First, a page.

Is It Good To Eat Plant-Based Meats

There are many benefits to eating plant-based meats. These are not really meats. Instead they are made from plant-based substitutes. They are usually lower in calories and fat than traditional meats, and they are a good source of fiber.

Technology continues to improve with processing techniques advanced to a point where specific meat ingredients are mimicked by plant ingredients. The start up food company Lypid made a vegan based fat that mimicks the juiciness of animal fat.

Plant-based meats can also be a good choice for people who are trying to eat less meat. Finally plant-based meat has a much lower carbon footprint.

That said, there are a few things to keep in mind when choosing plant-based meats. First, make sure to read the ingredient list. Some plant-based meats may contain fillers or additives that you don’t want to eat.

Second, look for products that are fortified with vitamins and minerals, as these can help to compensate for any nutrients that might be lacking in the plants themselves.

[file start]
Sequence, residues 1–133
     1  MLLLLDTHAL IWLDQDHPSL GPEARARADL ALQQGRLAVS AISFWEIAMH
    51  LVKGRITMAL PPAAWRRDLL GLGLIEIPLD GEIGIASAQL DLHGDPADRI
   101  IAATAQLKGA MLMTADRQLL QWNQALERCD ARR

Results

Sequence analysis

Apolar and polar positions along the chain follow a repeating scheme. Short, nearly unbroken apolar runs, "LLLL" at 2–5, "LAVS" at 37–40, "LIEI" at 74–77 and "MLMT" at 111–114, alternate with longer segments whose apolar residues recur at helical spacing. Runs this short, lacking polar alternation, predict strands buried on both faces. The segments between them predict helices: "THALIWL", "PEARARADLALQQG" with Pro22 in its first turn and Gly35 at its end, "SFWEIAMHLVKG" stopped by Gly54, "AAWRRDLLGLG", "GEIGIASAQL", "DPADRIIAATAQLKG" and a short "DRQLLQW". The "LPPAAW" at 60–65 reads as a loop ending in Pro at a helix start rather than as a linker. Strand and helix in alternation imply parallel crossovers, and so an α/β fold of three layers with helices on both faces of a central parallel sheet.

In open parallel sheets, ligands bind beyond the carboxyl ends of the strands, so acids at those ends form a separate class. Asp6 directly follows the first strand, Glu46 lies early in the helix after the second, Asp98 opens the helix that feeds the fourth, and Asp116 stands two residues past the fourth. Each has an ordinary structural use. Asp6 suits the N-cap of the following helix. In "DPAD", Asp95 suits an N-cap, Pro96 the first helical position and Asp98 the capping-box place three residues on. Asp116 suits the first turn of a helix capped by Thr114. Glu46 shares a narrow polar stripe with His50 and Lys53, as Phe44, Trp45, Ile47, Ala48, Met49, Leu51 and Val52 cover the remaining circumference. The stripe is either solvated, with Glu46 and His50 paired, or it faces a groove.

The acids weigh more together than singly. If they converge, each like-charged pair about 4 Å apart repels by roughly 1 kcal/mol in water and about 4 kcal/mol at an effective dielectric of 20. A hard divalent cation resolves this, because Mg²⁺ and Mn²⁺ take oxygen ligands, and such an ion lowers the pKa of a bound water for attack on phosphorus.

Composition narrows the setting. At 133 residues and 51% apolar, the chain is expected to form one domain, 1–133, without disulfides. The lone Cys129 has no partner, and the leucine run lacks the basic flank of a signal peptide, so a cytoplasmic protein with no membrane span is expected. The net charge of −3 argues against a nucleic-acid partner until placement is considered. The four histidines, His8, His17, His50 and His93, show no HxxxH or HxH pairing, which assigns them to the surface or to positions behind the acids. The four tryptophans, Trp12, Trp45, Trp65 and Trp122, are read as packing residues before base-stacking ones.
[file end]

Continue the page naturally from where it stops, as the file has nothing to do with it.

Finally, remember that plant-based meats are not necessarily healthier than traditional meats. They are simply an alternative for people who want to eat less meat.


Consuming less meat is a choice that each individual must make for themselves, although doing so may have beneficial effects on their health, the environment, and the larger world.

If you want to reduce the quantity of meat you eat, the best way to start is by gradually cutting back on the amount of meat you consume each day of the week.

Make sure you don’t forget to do your homework and check to see if you’re receiving adequate protein from other sources. And finally, if you want the most bang for your money in terms of nutrition, go for plant-based meats that have been supplemented with vitamins and minerals.

Staff Writer